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Funding

An ever more global market for education and research means universities must take action to remain competitive. The costs of higher education and research have been growing rapidly. This is due to various factors such as advances in the field of technology, particularly ICT and its wider use in higher education and research, a growing participation rate, new societal demands on institutions, rising pension costs and tougher quality requirements. These costs need to be met by additional financing.

Despite the fact that universities are at the centre of knowledge creation and development, which itself is seen as one of the main motors of economic growth, public investment in higher education in most countries remains too low. Massification has often resulted in depressed higher education budgets per student, a handicap in an increasingly global competition. Despite political declarations of intent to increase spending in the field, public expenditure is unlikely to grow significantly and keep up with rapidly inflating costs in the years to come. One of the reasons for this is that higher education and research have to compete with other priorities in public budgets (health, security, etc.).

The recent economic downturn has moreover contributed to further decreases in the levels of investment into higher education and research of many European countries. This is particularly worrisome for universities, which continuing dependence on public funding puts their future sustainability under pressure.

All the above reasons are forcing universities to respond by taking action. The first step is for universities to master their cost structures and identify the real costs of their activities for both internal and external purposes. While calling for vital additional financial support from public authorities, which have a responsibility in the universities’ long-term financial sustainability, universities also need to increase and diversify additional sources of funding.

The design and implementation of higher education funding policy should be carefully calibrated to the needs of the sector in order to improve overall funding efficiency with full consideration for the possible impacts at institutional level.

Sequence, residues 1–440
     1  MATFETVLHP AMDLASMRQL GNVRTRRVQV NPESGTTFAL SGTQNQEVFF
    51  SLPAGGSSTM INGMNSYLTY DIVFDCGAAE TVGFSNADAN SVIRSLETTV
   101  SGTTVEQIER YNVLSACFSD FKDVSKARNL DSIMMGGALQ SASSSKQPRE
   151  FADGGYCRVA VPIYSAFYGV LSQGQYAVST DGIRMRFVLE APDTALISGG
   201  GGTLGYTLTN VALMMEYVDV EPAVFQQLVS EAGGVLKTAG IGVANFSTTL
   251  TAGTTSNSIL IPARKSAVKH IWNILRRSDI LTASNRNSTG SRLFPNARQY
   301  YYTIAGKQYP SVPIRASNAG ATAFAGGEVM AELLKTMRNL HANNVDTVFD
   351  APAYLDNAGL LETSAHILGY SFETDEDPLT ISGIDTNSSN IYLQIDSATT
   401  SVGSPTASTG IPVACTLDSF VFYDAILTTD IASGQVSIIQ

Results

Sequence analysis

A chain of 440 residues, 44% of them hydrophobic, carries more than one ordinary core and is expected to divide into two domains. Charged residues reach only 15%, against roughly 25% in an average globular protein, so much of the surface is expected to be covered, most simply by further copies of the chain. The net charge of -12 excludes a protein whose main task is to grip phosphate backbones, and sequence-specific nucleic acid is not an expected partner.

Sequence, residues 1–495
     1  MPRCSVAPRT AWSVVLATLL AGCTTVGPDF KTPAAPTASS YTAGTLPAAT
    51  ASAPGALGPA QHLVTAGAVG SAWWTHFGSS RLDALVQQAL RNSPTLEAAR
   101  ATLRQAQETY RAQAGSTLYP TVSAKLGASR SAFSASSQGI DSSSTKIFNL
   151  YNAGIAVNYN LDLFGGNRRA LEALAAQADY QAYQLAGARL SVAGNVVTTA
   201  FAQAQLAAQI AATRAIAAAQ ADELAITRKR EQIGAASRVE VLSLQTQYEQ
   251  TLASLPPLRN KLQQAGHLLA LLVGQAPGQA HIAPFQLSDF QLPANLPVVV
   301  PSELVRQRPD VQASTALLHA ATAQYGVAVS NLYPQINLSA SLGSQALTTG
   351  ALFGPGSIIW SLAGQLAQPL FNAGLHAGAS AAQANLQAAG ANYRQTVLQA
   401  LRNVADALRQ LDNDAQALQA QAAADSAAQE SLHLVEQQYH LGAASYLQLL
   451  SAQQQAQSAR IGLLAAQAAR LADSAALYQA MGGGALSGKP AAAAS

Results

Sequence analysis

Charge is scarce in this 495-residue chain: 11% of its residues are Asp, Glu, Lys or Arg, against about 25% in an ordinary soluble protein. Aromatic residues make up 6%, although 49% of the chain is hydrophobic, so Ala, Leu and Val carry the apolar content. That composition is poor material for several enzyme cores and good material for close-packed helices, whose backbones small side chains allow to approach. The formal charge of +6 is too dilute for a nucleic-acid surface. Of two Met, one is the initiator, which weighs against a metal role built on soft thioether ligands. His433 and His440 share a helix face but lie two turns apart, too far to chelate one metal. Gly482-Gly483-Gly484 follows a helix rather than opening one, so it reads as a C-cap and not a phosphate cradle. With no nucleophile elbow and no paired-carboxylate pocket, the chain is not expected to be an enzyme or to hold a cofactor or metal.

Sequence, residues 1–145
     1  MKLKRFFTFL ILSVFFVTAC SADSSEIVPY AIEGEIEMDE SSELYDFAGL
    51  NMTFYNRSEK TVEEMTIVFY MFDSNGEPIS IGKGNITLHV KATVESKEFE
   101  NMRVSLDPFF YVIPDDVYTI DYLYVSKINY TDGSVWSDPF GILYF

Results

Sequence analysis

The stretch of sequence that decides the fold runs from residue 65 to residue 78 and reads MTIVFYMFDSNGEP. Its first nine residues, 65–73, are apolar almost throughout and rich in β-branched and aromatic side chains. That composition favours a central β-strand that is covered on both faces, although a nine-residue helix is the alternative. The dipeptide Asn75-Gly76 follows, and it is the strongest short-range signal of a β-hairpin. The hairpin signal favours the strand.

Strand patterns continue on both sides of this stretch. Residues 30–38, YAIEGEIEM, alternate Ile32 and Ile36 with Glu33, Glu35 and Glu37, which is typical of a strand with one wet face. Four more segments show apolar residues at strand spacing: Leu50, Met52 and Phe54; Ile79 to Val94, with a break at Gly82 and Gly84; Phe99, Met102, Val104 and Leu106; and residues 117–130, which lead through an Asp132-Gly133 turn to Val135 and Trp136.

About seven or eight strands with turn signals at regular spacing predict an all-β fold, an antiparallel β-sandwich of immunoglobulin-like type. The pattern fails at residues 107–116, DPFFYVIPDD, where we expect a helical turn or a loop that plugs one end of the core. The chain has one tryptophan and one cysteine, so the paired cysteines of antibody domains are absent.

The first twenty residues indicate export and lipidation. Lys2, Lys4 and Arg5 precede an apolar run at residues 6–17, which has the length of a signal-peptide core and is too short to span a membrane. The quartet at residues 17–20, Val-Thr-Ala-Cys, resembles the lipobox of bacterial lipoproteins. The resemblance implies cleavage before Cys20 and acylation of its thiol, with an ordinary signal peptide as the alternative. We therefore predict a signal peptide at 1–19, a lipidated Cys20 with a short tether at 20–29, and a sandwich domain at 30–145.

Since the launching of its Glasgow Declaration (April 2005) – “Strong Universities for a Strong Europe”, EUA has addressed the issues of autonomy, accountability and funding through conferences, workshops, reports and interactive tools. It has been engaging its members in an evidence-based debate on improving university governance and updating funding structures. EUA has been conducting ambitious research in the field notably through its series “Financially sustainable universities”, which analyses and identifies good practice in financial management in universities across Europe. This series includes the following reports:

In 2015, EUA published its work dedicated to the design of sustainable funding strategies, notably exploring the impact of performance-based funding mechanisms, merger processes and excellence schemes on the sector. These are taken up in the report “Designing Strategies for Efficient Funding of Universities in Europe (DEFINE)”.

Public Funding ObservatoryEUA’s activities on funding also include the development of a unique monitoring tool: EUA’s Public Funding Observatory, as well as a platform to exchange views on university funding at European level: the EUA Funding Forum.

Find out more:

European University Association (EUA)

Brussels office:
Avenue de l’Yser, 24
1040 Brussels
Belgium
Tel: +32 (0) 2 230 55 44

Geneva office:
114, Rue du Rhône
Case postale 3174
1211 Geneva 3
Switzerland
Tel: +41 22 552 02 96